How to Identify British Coins

Written by contributing writer
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If you're travelling to the UK in the near future, you'll want to become acquainted with the currency. Below is a quick guide the coinage you'll be using. All UK coins currently have a cameo portrait of Queen Elizabeth II on one side.

Skill level:
Moderately Easy

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  1. 1

    £2 piece: This coin is larger than the others, and heavier, sporting both gold and silver metals. The edge is inscribed with the quote "Standing on the Shoulders of Giants," by Sir Issac Newton, and the inner silver coin has varying themes.

    How to Identify British Coins
  2. 2

    £1: This coin is small, heavy and gold coloured. It will be inscribed with one of three country crests (Three lions for England, a thistle for Scotland, and a leek for Wales).

    How to Identify British Coins
  3. 3

    50p, or 50 pence, is worth 1/2 of £1. It is a large coin with flat edges, featuring Britannia sitting astride a lion, and is entirely silver in colour.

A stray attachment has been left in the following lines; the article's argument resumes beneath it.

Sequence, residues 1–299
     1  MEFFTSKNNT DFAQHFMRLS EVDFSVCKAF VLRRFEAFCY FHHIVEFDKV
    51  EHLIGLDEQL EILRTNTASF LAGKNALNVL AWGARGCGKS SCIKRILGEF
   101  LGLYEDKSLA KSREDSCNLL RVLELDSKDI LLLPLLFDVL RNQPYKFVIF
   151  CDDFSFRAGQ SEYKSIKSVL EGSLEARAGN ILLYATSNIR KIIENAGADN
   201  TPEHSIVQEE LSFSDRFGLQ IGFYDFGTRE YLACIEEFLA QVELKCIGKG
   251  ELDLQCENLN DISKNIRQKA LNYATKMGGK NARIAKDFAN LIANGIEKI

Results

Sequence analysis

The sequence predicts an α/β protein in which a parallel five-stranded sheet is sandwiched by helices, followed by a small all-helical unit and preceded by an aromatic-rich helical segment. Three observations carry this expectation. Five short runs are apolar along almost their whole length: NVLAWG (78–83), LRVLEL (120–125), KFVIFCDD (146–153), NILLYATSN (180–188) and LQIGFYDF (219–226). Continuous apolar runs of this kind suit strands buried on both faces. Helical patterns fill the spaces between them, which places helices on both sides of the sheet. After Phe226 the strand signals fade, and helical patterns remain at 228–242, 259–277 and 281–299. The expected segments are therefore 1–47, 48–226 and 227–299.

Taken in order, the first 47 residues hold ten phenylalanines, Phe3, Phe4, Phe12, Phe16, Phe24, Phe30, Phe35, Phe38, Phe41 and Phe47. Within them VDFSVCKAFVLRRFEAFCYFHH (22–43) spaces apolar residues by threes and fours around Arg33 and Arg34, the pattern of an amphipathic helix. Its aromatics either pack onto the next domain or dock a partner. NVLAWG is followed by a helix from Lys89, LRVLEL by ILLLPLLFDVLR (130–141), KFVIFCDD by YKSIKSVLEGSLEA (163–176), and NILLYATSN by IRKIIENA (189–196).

How to Identify British Coins
  4. 4

    20p, or 20 pence, is a small coin with flat edges, silver in colour and inscribed with the Tudor Rose (the rose is the national flower of England). It is worth 1/5 of £1.

    How to Identify British Coins
  5. 5

    10p, or 10 pence, is a large, silver coin with rounded edges, featuring a lion wearing the royal crown. It is worth 1/10 of £1, and is similar in size and shape to a US Quarter coin.

    How to Identify British Coins
  6. 6

    5p, or 5 pence, is a very small coin, silver in colour, featuring a thistle (the symbol of Scotland). It is worth 1/20 of £1.

    How to Identify British Coins
  7. 7

    2p, or a Tuppence/Tupenny, is a large, copper coin featuring the Prince of Wales feathers. It is worth 1/50 of £1.

    How to Identify British Coins
  8. 8

    1p or one penny is similar in size and appearance to a US penny (small and copper). It pictures the portcullis of Westminster Palace and is worth 1/100 of £1.

    How to Identify British Coins

Tips and warnings

  • All UK coins feature the number of their worth somewhere on the face of the coin.

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